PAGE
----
Daesh happens to be blocking exactly the pipeline route from Iraq to Syria – so once again Daesh is doing the US’s bidding; that explains to a great deal that innocuous US bombing of tracts of desert, while Daesh keeps annexing territory close to the Syrian-Turkish border.

Still, “Pipelineistan” in Syria could eventually intersect with the Iranian nuclear dossier. Iranian officials have not let the cat out of the bag – but rumors remain insistent; Tehran might contemplate abdicating further strands of its civilian nuclear program, while earning Washington’s acceptance to getting privileged access as a prime EU gas supplier. All this to hurt Gazprom.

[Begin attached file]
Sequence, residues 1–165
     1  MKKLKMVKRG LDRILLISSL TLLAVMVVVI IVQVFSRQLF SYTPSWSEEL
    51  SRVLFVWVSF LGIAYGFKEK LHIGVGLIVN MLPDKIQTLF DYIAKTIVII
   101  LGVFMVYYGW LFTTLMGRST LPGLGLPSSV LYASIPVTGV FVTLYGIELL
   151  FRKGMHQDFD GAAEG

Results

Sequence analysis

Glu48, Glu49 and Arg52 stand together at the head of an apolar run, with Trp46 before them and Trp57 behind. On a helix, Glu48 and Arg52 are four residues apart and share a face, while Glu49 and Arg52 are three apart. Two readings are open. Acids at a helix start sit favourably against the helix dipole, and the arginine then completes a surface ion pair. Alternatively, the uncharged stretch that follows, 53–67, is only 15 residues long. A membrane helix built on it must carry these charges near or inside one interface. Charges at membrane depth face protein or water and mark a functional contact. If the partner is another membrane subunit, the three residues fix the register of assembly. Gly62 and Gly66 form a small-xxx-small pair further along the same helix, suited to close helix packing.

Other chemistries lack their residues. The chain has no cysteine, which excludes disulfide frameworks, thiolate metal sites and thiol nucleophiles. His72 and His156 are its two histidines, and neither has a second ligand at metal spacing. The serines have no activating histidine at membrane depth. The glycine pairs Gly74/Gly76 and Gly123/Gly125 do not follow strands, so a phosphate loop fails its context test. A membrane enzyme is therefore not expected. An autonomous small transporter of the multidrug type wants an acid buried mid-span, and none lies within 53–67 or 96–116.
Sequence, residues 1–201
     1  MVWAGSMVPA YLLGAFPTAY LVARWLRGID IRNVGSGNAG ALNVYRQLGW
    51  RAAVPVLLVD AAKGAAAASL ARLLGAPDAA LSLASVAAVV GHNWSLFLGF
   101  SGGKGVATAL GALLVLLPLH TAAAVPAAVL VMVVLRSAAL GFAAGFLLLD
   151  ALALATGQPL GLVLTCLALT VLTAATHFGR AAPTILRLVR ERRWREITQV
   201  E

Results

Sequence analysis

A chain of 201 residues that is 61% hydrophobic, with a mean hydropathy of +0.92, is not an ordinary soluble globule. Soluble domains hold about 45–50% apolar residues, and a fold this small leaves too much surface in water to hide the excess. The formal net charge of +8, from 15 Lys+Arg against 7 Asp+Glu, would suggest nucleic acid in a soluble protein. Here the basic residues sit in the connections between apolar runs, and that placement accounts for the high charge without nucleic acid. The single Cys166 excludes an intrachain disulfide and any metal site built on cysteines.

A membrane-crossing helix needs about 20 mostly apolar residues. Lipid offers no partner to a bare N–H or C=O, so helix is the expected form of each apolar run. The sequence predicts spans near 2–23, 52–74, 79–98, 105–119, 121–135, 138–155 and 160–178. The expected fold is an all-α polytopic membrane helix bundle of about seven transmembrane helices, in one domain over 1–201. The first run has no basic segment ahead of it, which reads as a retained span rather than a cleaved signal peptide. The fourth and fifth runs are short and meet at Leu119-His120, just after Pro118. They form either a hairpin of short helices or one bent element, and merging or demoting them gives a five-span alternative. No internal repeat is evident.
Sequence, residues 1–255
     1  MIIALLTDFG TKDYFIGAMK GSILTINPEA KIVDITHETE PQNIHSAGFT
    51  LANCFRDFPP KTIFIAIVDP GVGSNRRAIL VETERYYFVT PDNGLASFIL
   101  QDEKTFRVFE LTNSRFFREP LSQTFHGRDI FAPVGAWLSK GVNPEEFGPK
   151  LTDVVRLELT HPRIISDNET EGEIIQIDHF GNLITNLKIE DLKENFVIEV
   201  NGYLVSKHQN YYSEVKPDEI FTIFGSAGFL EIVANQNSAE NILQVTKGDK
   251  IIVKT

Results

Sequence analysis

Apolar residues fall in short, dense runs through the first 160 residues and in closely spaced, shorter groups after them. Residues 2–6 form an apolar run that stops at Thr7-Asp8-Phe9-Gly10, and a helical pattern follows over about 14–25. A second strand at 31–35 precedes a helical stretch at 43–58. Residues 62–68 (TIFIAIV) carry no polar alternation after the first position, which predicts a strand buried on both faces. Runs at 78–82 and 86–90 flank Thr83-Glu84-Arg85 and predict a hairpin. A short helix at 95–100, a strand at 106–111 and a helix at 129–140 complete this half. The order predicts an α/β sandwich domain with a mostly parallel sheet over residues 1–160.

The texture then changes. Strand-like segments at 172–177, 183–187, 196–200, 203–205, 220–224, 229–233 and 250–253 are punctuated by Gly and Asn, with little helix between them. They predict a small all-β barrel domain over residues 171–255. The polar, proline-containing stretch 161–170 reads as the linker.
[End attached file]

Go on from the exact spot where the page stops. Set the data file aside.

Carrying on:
Far-fetched as it may seem, that’s a certified Obama administration carrot, dangled to theoretically speed up the end of sanctions – at least from the EU side.

The fact remains Washington needs Moscow – as well as Beijing – for a nuclear agreement with Iran to be enshrined on November 24. There’s no evidence so far Tehran will renounce its political clout – and nuclear energy independence – just to trade with the West. And there’s no evidence Moscow will allow itself to be undercut by Tehran.

In fact mutual cooperation is the norm. President Rouhani just met President Putin during the fourth summit of the heads of state bordering the Caspian Sea – that perennial target of American energy avidity (Azerbaijan, Kazakhstan and Turkmenistan are the other Caspian Sea nations, apart from Russia and Iran). In Astrakhan, Rouhani emphasized the Caspian should become a symbol of cooperation and peaceful development.

So no pitting of Tehran against Moscow – much to Washington’s displeasure. Yet the stakes could not be higher. Place your bets for the next few weeks – and be prepared to change them in a flash.